Wednesday, April 22, 2015

Earth Day Review of American Environmental Attitudes

A review of polling results reveals the sad truth about US attitudes on climate change. Despite the plethora of science and media coverage American attitudes on climate change are the same today as they were in 1989. Americans claim they want greener products and services and they also claim that they want corporations to be greener, however this is not reflected in their actual buying behavior.

In an article titled "Earth Day and the polling of America 2015" Joel Makower comments on the theory that a strong economy lends itself to greater environmental concern. However, he observes the opposite appears to be true, as Americans feel more economically secure the level of environmental concern has decreased or remained static.

His review of public opinion polls over the last eight years leads him to conclude that the level of environmental concern has stalled in the US. Americans appear to be enamored with the fossil fuel boom in the US and less than preoccupied with the associated environmental impacts.

Although Americans are somewhat concerned about clean air and water, they are relatively unconcerned about climate change, declining biodiversity and even species extinction.

According to the most recent Gallup poll the number of Americans that believe global warming is happening already or will happen in their lifetime is 65 percent. That is exactly the same percentage as in 1989. The Gallup poll is corroborated by research from the Pew Research Center’s annual policy priorities survey in which the Environment ranked 13th and global warming ranked 22nd (next to last).

However other polls have produced different results. A 2014 poll by Tiller LLC, suggested that Americans have a "deep and growing concern for the environment.” This poll indicated that climate change ranked abouve terrorism and global epidemics as the greatest long term threat to their health and well being. The Tiller LLC survey found that women are more concerned about the shape of the environment than men.

According to a November 2014 University of Texas Energy Poll, young Americans are more likely to vote for a candidate who wants to address climate change. A study conducted by Ipsos Public Affairs on behalf of Avaaz reveals that almost all (94 percent) of high school students believe in the veracity of climate change and 80 percent attribute it to human activity.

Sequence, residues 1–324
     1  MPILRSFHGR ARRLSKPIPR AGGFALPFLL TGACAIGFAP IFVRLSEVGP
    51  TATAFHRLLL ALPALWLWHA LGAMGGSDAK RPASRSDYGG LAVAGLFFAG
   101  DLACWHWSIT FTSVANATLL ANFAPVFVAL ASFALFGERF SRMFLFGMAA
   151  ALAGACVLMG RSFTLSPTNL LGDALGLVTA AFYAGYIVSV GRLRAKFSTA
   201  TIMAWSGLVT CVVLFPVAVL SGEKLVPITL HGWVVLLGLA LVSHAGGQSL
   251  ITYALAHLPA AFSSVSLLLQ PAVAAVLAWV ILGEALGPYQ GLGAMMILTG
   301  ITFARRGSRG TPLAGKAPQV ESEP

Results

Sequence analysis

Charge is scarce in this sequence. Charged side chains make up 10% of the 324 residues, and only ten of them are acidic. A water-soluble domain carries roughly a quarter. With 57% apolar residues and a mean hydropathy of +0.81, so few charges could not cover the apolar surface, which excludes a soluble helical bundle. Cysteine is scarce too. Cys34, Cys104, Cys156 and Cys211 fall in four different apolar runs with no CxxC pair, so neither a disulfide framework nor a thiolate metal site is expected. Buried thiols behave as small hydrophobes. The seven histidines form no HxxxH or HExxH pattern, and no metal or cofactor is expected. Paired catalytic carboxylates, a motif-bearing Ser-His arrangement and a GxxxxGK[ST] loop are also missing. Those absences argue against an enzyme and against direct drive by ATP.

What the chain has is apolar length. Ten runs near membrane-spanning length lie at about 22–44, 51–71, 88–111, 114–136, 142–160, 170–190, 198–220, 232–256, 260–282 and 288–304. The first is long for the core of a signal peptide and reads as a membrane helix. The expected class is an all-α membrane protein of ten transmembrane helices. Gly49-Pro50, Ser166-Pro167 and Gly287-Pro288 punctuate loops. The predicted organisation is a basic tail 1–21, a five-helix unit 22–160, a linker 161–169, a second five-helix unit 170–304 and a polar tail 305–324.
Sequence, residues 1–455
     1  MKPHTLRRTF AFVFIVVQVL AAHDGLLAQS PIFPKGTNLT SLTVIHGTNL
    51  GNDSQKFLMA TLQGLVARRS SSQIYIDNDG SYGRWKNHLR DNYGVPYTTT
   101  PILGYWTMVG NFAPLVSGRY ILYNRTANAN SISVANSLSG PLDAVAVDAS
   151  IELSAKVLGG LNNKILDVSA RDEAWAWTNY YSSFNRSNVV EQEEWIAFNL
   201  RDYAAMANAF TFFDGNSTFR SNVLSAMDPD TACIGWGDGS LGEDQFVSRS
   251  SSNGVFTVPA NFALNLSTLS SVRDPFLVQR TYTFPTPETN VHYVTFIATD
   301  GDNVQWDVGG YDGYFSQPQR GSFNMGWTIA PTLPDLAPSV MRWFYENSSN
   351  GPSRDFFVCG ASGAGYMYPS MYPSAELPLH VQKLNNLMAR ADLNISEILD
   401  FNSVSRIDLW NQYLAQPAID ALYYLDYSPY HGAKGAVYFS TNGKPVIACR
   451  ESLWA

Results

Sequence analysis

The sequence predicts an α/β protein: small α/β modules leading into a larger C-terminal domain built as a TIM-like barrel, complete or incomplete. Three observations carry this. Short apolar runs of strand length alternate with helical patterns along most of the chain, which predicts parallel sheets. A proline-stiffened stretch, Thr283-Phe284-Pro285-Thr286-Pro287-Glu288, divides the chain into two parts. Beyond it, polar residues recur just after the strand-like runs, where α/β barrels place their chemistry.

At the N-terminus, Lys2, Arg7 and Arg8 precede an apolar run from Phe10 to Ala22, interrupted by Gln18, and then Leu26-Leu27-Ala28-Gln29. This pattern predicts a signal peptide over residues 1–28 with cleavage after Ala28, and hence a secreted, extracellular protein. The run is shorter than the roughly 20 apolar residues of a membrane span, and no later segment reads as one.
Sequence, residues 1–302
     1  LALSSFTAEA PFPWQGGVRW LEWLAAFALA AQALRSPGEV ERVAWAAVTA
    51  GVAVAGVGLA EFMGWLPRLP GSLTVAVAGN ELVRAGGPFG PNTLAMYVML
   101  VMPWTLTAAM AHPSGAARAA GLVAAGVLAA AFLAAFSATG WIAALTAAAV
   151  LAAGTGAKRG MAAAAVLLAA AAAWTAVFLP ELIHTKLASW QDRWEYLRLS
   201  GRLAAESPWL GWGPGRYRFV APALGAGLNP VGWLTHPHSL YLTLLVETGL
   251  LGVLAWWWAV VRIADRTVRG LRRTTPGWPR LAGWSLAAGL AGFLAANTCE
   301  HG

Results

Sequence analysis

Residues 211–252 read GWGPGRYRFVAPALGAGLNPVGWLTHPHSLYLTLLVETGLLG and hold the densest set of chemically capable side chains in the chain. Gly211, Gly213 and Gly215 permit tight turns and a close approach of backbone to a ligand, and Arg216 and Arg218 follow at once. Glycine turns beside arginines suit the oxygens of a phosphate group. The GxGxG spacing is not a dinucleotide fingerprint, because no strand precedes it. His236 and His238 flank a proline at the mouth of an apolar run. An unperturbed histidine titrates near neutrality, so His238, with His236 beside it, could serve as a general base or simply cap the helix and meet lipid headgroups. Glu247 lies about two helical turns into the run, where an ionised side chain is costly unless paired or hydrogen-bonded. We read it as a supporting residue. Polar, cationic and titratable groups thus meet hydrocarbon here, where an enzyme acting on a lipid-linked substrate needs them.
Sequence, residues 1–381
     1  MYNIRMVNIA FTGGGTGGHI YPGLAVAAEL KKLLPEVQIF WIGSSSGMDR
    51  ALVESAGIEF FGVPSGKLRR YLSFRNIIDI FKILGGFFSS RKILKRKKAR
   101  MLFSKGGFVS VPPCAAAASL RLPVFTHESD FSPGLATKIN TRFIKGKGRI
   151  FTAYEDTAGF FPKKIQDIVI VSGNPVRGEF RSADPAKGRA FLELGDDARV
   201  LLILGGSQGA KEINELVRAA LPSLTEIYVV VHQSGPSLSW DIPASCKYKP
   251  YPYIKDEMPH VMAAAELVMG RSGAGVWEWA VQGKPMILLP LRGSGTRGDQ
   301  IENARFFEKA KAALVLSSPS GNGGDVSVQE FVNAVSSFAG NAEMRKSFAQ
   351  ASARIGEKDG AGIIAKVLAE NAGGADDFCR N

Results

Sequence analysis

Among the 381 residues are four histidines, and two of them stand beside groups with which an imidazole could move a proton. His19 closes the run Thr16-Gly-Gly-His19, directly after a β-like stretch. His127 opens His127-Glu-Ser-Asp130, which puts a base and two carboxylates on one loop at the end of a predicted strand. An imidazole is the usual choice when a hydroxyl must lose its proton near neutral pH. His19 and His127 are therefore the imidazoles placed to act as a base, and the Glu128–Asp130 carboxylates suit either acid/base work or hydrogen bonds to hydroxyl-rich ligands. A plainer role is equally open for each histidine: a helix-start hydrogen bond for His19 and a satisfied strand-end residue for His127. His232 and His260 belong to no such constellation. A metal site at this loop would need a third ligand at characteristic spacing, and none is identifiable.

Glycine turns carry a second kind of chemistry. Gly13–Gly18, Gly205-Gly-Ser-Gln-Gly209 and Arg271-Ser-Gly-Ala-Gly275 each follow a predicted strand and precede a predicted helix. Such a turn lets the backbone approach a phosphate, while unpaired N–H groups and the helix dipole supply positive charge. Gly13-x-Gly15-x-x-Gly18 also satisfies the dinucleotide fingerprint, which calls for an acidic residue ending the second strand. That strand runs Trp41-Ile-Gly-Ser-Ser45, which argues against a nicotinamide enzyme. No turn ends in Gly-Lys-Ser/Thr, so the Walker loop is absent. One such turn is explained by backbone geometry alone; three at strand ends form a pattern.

A national survey conducted by KSV, revealed that Hispanics and African-Americans are almost twice as likely to be interested in energy efficiency as their white counterparts.

The Tiller survey said that more than three quarters of Americans (78 percent) believe it is important to “purchase products from a socially or environmentally responsible company.” And 43 percent said they have declined to buy a product over the past year out of concern for the effect the product or its packaging might have on the environment.

In the same survey Americans attributed the behavior or environmentally responsible corporations to regulatory or competitive reasons rather than altruistic motives. However, 72 percent of respondents indicated that they do not care why a company goes green as long as they do so.

Makeover commented on these results saying, "a number of environmental polls suggest that most Americans are ready and willing to make purchasing, investing and career choices based on their high levels of environmental concern, even if their actual choices don't reflect such high levels of commitment."

President Obama's Earth Day Address: Action on Climate Change Cannot Wait (Video)
Responding to Grist's Anti-Earth Day Rants
The Importance of Science and Nature on Earth Day
Earth Day Activities and Actions in the US and Canada
Earth Day 2015: The Marriage of Economic Growth and Sustainability

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